We study the 'Creation of Pooling in Inventory and Queueing Models'. This research consists of the study of sharing a scarce resource (such as inventory, server capacity, or production capacity) between multiple customer classes. This is called pooling, where the goal is to achieve cost or waiting time reductions. For the inventory and queueing models studied, both theoretical, scientific insights are generated, as well as strategies which are applicable in practice.
This monograph consists of two parts: pooling and polling . In the first part, pooling is applied to multi-location inventory models. It is studied how cost reduction can be achieved by the use of stock transfers between local warehouses, so-called lateral transshipments. In this way, stock is pooled between the warehouses. The setting is motivated by a spare parts inventory network, where critical components of technically advanced machines are kept on stock, to reduce down time durations. We create insights into the question when lateral transshipments lead to cost reductions, by studying several models.
Firstly, a system with two stock points is studied, for which we completely characterize the structure of the optimal policy, using dynamic programming. For this, we formulate the model as a Markov decision process. We also derived conditions under which simple, easy to implement, policies are always optimal, such as a hold back policy and a complete pooling policy. Furthermore, we identified the parameter settings under which cost savings can be achieved. Secondly, we characterize the optimal policy structure for a multi-location model where only one stock point issues lateral transshipments, a so-called quick response warehouse. Thirdly, we apply the insights generated to the general multi-location model with lateral transshipments. We propose the use of a hold back policy, and construct a new approximation algorithm for deriving the performance characteristics. It is based on the use of interrupted Poisson processes. The algorithm is shown to be very accurate, and can be used for the optimization of the hold back levels, the parameters of this class of policies. Also, we study related inventory models, where a single stock point servers multiple customers classes.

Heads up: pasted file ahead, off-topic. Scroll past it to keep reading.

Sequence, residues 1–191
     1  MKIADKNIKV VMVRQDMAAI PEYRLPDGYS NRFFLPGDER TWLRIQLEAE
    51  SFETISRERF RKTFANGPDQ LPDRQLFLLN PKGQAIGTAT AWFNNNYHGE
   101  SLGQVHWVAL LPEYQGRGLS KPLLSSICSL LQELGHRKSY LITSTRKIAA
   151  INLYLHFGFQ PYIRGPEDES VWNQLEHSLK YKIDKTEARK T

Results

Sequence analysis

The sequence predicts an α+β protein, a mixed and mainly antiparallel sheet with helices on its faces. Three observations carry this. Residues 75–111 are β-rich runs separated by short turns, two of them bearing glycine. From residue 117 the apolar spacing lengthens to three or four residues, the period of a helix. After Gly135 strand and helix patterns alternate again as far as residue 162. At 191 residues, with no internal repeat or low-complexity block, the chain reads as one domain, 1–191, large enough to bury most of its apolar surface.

Furthermore, in the first part, the pooling of server capacity is studied. For a two queue model where the head-of-line processor sharing discipline is applied, we derive the optimal control policy for dividing the servers attention, as well as for accepting customers. Also, a server farm with an infinite number of servers is studied, where servers can be turned off after a service completion in order to save costs. We characterize the optimal policy for this model.
In the second part of the thesis, polling models are studied, which are queueing systems where multiple queues are served by a single server. An application is the production of multiple types of products on a single machine. In this way, the production capacity is pooled between the product types. For the classical polling model, we derive a closed-form approximation for the mean waiting time at each of the queues. The approximation is based on the interpolation of light and heavy traffic results. Also, we study a system with so-called smart customers, where the arrival rate at a queue depends on the position of the server. Finally, we invent two new service disciplines (the gated/exhaustive and the k-gated discipline) for polling models, designed to yield 'fairness and efficiency' in the mean waiting times. That is, they result in almost equal mean waiting times at each of the queues, without increasing the weighted sum of the mean waiting times too much.